Pathways to Wellness

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The nag factor

A study published in 2011 asked mothers of 3-5 years olds about television viewing, food requests made by their kids, and how they handle these requests.  All moms said that their children had nagged them to buy foods associated with clever packaging, characters, or advertisements directed at children.  So if your child has nagged you, you are definitely not alone!

Five year olds nag more than 3 year olds, and those that watch more televisions commercials, nag the most.  Nagging takes many forms - from asking again and again, whining and stomping feet to tantrums in public, loudly declaring "I hate you" and everything in between.    Sound familiar?  If you are like most parents, you've given in more times than you want to admit in order to avoid struggles, arguments and tears.

Moms in this study had many other ways of responding to nagging, including ignoring or distracting their kids, and even yelling.  Some moms tried to get ahead of it, and be proactive.   These strategies may be more effective because they prevent nagging and allow mothers to feel better about how they've handled the situation:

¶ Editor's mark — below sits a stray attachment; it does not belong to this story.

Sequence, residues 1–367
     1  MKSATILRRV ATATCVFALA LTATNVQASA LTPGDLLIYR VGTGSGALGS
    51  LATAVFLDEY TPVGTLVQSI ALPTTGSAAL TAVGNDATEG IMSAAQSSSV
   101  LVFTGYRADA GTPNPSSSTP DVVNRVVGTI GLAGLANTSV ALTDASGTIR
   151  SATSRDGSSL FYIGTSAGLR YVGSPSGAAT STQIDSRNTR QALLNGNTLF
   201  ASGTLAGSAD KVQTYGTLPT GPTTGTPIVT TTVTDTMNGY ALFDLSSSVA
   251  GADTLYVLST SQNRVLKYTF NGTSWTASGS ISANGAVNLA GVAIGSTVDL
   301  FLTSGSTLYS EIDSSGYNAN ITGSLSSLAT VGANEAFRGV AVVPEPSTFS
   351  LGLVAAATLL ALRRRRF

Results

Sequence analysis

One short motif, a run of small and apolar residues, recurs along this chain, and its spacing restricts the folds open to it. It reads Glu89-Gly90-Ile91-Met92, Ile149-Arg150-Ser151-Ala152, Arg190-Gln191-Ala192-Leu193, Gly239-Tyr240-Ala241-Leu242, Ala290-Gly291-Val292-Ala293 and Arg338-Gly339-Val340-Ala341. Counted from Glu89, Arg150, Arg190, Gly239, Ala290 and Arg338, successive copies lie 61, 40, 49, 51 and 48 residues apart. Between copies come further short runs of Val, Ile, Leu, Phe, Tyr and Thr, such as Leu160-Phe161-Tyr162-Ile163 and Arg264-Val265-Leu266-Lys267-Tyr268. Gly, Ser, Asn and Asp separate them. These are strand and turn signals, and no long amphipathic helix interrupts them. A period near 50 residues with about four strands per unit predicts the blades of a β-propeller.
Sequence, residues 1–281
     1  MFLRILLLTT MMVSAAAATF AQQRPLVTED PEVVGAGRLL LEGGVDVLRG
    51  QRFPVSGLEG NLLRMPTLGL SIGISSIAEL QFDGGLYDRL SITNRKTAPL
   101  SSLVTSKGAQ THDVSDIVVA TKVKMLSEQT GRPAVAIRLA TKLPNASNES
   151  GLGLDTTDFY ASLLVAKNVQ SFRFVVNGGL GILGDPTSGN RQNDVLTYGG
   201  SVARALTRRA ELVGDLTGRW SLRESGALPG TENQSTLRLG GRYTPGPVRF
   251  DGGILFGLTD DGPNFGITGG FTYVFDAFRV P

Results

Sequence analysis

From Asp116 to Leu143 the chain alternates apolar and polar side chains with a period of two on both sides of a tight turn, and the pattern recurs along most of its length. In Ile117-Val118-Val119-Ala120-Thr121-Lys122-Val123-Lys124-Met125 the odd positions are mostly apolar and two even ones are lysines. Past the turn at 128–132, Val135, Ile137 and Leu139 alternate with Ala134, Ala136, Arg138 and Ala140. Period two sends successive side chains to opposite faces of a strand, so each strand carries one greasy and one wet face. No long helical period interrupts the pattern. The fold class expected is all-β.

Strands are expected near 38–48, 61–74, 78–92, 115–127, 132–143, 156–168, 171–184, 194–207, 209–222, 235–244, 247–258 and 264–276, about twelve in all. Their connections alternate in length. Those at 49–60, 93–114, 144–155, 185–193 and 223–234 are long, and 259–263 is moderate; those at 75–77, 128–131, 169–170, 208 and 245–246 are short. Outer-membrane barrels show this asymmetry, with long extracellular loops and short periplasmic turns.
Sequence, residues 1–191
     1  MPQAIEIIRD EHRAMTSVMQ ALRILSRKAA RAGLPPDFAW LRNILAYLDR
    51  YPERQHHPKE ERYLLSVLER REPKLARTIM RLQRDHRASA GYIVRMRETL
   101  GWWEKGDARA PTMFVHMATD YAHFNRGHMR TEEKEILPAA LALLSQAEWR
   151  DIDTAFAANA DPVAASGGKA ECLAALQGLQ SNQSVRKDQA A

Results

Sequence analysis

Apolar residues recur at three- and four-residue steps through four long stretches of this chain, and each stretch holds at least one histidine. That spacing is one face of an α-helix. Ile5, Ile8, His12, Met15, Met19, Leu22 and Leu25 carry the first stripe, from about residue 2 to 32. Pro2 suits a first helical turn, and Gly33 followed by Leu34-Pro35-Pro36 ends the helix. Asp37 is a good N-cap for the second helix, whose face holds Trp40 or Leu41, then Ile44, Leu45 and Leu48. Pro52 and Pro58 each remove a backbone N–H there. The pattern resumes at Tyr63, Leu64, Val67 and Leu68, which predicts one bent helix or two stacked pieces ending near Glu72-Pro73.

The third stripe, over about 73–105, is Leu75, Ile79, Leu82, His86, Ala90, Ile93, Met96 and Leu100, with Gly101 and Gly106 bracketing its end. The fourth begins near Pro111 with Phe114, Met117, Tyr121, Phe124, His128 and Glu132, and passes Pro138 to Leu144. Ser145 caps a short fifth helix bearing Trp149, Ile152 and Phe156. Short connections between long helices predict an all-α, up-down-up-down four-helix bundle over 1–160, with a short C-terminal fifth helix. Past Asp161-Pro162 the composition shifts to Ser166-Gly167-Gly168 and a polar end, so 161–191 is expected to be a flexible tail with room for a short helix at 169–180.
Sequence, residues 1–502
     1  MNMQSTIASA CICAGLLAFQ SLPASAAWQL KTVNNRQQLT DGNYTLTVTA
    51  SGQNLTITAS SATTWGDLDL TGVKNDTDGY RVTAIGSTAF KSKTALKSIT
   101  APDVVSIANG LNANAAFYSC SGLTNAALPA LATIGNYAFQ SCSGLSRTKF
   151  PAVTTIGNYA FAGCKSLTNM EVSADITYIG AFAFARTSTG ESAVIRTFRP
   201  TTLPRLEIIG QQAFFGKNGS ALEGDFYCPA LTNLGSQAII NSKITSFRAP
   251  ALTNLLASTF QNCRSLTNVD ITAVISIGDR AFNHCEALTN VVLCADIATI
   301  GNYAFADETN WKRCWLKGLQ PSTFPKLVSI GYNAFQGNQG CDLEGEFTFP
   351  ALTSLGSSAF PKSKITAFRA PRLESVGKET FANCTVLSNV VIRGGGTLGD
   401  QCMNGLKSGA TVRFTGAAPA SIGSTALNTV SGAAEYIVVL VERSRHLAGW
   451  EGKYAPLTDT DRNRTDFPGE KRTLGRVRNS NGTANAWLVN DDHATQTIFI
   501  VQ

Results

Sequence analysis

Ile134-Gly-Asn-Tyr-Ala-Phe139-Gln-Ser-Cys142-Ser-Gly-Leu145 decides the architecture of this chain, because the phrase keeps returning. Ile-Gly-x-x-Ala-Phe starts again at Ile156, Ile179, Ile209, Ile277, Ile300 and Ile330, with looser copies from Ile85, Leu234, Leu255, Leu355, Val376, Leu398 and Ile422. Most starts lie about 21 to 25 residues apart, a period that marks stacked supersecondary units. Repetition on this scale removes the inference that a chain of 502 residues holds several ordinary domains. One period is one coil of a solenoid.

• consistently and calming saying "no",
  • avoiding shopping with their children,
  • allowing children to choose a healthier alternative,
  • setting rules and negotiating agreements about what they will buy before they go shopping,
  • explaining why some foods are bought and  others are not, and
  • limiting their children's exposure to television advertising.

No one way of responding will work for all parents and all children, or on every occasion.  Try out a few ways of preventing nagging, and see which ones work best for you.

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